“We invoke the name of Allah to bless a meal. We invoke His name before opening a book we are about to read. We invoke His name to anticipate an action. We invoke His name to mark a ritual slaughter. Why do all religions put such a focus on the name of this or that deity, divinity, prophet, saint, or savior? Because the name moves beyond the unbounded, unspecified space that surrounds and engulfs all life, whether human, animal, animate, inanimate, earthly or celestial. For Muslims, Allah is that name beyond all names that becomes the singular, most potent name to be invoked, remembered, and reproduced day after day, time and again, in joy and sorrow, in life and death.” – Bruce Lawrence 

by BRUCE LAWRENCE for ISLAMiCommentary on FEBRUARY 25, 2015:

Bruce Lawrence
Bruce Lawrence

Who is Allah? No one really knows but many claim to know. In framing my book, I highlight twin needs: to look at Islam with fresh eyes, and to understand Allah with dispassionate insight. The alternative is to settle for journalistic sloganeering, too often sensationalist even when it is highbrow.

The very name Allah is interwoven into the everyday experience of millions of Muslims. While Allah does not belong to Muslims, Allah is supreme for Muslims. In the Islamic tradition, Allah creates, motivates, and sustains the universe as well as humankind. It is a name invoked over 2500 times in the Holy Qur’an. It is the basis of the ‘witness’ (or shahada), a creed as integral to Islam as is the Shema to Jews or baptism to Christians.

19781469620039But Allah is also contested. Believing Muslims advocate the superseding power of Allah, while disbelieving or disputatious others claim Allah as the tribal deity, or moon god, of Arabs.

Is Allah the same as God in Christianity or Yahweh in Judaism? Brahmin in the Hindu tradition, and the Buddha (or Bodhisattva) in the Buddhist tradition? Yes, but that easy identity of celestial doorstops, or ultimate spiritual authorities, does not help us understand the contemporary power of Allah.

What is most needed now is to understand both the historical nuance of Allah throughout the past 1500 years and Allah’s relevance today, in 2015.

For Muslims, as for adherents of other religions, intentions as well as practices are paramount in one’s religious life. While the practice of the heart demonstrates how Allah is remembered in Sufism, the mystical branch of Islam, the practice of the mind examines how theologians and philosophers have defined Allah in numerous contexts, often with conflicting aims.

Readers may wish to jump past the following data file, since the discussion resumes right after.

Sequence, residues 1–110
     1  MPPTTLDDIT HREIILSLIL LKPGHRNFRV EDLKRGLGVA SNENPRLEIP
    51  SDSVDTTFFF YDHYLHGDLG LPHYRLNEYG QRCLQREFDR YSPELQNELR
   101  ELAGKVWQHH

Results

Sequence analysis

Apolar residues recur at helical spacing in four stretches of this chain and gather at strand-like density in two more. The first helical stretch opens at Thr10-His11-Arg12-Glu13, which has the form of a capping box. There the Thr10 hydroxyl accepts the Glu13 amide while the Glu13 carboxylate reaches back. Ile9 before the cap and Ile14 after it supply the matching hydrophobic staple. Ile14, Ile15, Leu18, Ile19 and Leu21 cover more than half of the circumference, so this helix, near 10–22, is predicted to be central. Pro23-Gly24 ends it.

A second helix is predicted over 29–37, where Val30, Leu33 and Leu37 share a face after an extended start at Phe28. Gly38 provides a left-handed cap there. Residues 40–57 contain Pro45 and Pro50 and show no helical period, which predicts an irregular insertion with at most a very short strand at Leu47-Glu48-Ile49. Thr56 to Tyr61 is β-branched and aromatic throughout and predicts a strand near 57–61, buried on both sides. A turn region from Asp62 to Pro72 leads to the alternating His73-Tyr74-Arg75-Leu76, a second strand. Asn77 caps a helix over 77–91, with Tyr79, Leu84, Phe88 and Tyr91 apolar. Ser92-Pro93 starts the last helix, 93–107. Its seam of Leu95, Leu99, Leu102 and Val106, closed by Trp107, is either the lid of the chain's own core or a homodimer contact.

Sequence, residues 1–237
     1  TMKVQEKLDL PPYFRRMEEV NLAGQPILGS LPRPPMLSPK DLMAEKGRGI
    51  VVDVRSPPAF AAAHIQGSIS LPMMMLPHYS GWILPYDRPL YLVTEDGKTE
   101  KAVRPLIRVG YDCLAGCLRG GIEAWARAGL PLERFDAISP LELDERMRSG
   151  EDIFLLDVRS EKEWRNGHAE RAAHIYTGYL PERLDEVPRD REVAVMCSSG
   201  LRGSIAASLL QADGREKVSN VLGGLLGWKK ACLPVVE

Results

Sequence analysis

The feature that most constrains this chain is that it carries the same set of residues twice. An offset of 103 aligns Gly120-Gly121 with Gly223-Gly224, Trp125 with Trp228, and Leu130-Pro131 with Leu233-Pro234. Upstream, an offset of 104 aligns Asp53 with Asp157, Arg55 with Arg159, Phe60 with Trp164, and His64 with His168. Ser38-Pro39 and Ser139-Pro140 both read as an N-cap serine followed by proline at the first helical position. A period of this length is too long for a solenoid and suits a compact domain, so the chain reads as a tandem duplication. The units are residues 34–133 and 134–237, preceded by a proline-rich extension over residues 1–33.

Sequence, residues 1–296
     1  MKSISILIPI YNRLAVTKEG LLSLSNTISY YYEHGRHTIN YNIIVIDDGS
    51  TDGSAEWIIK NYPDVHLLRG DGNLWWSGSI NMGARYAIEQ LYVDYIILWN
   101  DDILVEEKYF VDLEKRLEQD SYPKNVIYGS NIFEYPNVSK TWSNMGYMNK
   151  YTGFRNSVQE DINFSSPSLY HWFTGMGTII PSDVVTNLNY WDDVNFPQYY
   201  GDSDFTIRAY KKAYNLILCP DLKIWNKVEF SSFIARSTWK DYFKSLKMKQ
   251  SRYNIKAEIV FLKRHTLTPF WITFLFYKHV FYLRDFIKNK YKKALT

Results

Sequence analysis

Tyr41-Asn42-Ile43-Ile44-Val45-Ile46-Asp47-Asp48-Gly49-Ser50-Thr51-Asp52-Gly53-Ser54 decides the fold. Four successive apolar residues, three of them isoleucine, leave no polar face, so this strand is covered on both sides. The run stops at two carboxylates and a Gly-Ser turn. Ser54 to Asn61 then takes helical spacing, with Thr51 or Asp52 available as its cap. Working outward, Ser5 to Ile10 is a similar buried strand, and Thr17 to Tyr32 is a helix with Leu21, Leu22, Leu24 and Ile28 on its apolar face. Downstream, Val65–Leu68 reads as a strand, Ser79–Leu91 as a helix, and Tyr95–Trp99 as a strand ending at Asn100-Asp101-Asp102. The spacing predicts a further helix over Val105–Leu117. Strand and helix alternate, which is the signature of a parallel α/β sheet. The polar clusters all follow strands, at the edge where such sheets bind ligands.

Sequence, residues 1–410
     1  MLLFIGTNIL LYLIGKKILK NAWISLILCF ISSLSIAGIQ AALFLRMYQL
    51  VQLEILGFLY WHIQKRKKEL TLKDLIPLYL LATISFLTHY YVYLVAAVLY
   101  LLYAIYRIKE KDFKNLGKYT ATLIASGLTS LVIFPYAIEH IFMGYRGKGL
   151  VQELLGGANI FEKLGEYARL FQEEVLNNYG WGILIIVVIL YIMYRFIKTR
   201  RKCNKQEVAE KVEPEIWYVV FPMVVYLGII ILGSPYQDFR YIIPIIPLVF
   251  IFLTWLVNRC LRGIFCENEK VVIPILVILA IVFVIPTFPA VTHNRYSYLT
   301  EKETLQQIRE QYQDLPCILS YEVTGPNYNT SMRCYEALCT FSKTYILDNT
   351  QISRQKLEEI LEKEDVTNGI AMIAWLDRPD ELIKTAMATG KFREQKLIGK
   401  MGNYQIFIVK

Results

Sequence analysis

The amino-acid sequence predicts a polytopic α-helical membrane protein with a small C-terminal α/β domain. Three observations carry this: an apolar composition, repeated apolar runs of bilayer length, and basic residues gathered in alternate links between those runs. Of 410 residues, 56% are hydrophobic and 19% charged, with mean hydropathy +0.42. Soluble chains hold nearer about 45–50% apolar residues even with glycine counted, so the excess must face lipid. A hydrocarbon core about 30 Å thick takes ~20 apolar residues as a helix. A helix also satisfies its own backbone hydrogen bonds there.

It is the practice of the ear that marks the contemporary period, as we hear competing calls for jihad, or religious struggle, within the cacophony of an immensely diverse umma, the worldwide Muslim community. Continue reading

by Sümeyye Kocaman for ISLAMiCommentary on JANUARY 7, 2015:

Sümeyye Kocaman
Sümeyye Kocaman

As we hear more and more about the Caliphate, the ummah, Islamic law and the Islamic State, I am surprised by many things: the so-called experts’ lack of information; how the facts are being politically manipulated; how people of faith are letting religion be used in this minefield; and worse, how people of faith believe that religion can be used to legitimize inhumane, political arguments.

When we hear religion as a political argument — e.g. how an ‘Islamic state’ is needed to provide freedom for Muslims who have been victimized for centuries — we must see this as merely a new wave of nationalism backed up by the power of religious discourse. Religious discourse has the highest potential to mobilize crowds. If the discourse is powerful enough some local groups or even the society at large can be mobilized into an emotional mob that cares little for reason. Their voices — pure political ideology.

In the modern world religion and politics continue to be dangerously intertwined. We can regard this crisis of religion as a chance to reverse a vicious cycle. Continue reading

Marshall G.S. Hodgson, The Venture of Islam: Conscience and History in a World Civilization, 3 vols., University of Chicago Press, 1974, 1633 pp., $105
Marshall G.S. Hodgson, The Venture of Islam: Conscience and History in a World Civilization, 3 vols., University of Chicago Press, 1974, 1633 pp., $105